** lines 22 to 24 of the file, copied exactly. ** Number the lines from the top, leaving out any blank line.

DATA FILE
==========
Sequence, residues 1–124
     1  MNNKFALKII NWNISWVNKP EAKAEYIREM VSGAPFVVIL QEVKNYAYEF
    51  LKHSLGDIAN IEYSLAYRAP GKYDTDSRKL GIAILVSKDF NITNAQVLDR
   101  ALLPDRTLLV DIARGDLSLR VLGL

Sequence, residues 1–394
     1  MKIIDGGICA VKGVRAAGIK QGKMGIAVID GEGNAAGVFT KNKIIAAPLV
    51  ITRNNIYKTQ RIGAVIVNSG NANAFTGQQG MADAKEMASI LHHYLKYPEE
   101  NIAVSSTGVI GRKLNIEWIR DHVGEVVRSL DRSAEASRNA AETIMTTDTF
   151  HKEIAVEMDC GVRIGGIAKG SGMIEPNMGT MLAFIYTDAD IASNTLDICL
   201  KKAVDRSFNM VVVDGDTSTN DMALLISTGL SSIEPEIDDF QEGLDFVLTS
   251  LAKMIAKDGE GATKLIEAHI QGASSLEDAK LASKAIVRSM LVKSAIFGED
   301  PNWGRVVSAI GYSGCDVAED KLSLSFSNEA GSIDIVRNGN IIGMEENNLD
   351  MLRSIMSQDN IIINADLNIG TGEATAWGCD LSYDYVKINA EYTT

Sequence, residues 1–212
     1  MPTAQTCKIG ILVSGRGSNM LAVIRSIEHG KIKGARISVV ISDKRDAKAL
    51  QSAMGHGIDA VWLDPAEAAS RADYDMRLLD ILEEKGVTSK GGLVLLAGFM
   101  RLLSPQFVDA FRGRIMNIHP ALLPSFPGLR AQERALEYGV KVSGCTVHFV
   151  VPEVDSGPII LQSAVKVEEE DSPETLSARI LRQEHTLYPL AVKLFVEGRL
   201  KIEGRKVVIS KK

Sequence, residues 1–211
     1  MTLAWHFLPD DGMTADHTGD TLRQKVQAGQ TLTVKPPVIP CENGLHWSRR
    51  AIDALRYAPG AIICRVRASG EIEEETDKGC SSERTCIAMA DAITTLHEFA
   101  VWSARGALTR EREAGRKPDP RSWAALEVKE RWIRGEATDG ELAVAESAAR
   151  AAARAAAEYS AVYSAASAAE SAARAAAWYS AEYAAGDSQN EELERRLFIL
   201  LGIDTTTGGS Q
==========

    51  AIDALRYAPG AIICRVRASG EIEEETDKGC SSERTCIAMA DAITTLHEFA
   101  VWSARGALTR EREAGRKPDP RSWAALEVKE RWIRGEATDG ELAVAESAAR
   151  AAARAAAEYS AVYSAASAAE SAARAAAWYS AEYAAGDSQN EELERRLFIL